Do you formerly survey your customers, and consistently?
Like anything else marketing-related, if you aren’t doing it, and doing it in a timely manner, and following up on it, there’s little ROI. Fortunately, even with all the “ands,” electronic or online surveys squash all the “buts” of why you don’t do regular surveying of your customers.
The first rule of thumb is to make it easy, which starts with a short survey. The recipient gets an automated email that briefly explains the purpose of the survey and that it takes a minute or two to complete. They simply click on the link and away they go. We ask three scaled questions (1 = poor/5 = excellent) and leave the fourth question optional – and open. The client has the opportunity to punch in a few subjective comments on their most recent digital package printing project with us. They also get a reminder within a week if they didn’t reply the first time. We only ask the top three questions: overall satisfaction level, overall customer service level, and value level.
Other keys are to be persistent but not pesky, and to follow up appropriately after the survey is completed. We systematically send surveys to the same individual a maximum of twice a year. We also give them the opportunity, as all email marketing should, to opt-out or unsubscribe. I also personally contact clients that indicate any kind of problem, take every opportunity to comment back when complimented, or pass on the kudos to specific team members if mentioned.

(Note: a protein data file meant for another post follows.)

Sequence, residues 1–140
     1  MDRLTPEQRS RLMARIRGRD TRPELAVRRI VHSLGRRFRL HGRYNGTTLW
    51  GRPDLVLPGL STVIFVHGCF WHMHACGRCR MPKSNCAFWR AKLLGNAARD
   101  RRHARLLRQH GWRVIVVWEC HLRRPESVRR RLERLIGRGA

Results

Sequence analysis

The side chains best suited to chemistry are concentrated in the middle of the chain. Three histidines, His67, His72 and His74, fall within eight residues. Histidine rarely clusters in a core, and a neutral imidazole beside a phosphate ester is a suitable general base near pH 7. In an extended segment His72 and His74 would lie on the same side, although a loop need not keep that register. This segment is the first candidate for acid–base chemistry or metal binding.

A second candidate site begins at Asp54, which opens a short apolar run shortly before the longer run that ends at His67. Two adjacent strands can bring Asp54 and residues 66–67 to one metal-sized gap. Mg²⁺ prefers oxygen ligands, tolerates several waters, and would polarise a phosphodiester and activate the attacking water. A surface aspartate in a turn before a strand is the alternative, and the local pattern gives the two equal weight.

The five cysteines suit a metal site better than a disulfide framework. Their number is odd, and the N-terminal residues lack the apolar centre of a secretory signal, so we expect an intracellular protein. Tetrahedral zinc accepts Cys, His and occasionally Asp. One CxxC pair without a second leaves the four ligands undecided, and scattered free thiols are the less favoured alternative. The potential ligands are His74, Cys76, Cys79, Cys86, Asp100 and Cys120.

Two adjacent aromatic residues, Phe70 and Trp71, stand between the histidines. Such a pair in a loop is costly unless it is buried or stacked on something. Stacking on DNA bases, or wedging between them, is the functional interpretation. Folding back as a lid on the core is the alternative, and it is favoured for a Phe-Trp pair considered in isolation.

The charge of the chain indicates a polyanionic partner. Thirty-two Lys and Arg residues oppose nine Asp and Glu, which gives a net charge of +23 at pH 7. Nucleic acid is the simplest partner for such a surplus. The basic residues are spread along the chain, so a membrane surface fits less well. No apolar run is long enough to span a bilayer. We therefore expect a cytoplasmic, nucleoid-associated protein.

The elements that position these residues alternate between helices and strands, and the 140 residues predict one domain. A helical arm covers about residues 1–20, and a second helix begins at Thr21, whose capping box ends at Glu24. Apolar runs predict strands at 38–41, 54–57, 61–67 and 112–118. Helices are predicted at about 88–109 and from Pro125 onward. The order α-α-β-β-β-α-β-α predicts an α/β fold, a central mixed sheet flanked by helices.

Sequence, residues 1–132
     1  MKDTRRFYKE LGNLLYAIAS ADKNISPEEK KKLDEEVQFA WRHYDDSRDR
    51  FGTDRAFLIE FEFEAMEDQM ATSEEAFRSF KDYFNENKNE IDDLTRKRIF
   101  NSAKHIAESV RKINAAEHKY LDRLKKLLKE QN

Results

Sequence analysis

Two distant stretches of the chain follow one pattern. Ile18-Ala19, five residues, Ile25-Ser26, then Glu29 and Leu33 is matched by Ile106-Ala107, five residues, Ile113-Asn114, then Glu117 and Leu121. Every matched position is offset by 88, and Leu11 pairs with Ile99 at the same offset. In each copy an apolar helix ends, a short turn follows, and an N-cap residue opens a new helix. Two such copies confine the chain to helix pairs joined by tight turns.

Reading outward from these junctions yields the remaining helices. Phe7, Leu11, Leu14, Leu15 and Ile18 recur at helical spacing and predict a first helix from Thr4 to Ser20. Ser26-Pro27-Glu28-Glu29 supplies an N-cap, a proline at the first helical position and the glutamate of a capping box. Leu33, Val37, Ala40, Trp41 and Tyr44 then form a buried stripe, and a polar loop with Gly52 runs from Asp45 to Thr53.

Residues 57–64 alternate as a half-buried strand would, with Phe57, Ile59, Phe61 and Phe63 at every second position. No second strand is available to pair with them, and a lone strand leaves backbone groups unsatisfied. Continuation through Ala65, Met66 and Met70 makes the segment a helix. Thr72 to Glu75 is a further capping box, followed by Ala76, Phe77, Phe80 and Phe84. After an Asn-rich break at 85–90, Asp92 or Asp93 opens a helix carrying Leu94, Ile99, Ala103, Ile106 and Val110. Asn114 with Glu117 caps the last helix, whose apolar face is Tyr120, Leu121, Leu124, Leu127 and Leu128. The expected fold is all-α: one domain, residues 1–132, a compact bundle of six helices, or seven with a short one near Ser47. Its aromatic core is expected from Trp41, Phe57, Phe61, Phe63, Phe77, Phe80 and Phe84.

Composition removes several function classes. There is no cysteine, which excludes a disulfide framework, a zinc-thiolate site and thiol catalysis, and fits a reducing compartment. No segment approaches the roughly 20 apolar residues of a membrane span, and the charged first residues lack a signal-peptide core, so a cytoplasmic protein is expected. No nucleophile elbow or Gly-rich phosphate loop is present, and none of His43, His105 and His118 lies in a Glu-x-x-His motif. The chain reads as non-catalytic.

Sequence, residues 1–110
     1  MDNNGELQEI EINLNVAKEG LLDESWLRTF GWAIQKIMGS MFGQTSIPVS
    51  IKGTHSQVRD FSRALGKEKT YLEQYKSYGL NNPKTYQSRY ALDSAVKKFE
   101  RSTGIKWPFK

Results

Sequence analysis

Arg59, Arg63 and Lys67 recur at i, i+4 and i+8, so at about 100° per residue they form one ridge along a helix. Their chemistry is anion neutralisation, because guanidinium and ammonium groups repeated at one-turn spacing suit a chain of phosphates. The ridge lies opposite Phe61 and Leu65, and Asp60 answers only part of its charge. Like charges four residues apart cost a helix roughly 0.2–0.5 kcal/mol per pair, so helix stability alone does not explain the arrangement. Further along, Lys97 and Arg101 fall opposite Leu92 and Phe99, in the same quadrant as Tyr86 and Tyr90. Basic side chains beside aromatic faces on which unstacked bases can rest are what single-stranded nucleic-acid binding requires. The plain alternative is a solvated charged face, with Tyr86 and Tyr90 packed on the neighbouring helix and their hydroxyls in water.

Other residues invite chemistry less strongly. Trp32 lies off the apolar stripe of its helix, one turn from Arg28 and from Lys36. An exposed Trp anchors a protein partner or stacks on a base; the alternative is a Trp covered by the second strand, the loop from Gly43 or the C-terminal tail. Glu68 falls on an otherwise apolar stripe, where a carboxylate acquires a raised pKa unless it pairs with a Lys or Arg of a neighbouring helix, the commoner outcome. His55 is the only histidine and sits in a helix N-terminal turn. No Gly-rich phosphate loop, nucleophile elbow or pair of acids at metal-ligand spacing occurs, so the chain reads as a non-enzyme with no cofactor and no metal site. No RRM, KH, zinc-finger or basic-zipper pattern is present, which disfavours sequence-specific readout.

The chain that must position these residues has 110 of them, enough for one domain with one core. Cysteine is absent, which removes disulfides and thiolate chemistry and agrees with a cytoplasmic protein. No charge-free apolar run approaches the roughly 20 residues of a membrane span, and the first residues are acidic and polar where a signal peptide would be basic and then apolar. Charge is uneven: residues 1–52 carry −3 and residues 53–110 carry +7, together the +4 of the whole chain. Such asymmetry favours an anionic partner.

We’ve been surveying in some way, shape, or form since 1995 – and doing online surveys for at least five years with a 19% return rate.
Of course, again like most things marketing, there’s an upfront cost. But what’s the value of finding out there was an undisclosed problem with a recent project, or a big customer was really unhappy with a specific issue? Or from an internal marketing perspective, giving an employee a simple pat on the back?
The (collective) answer is: it’s priceless.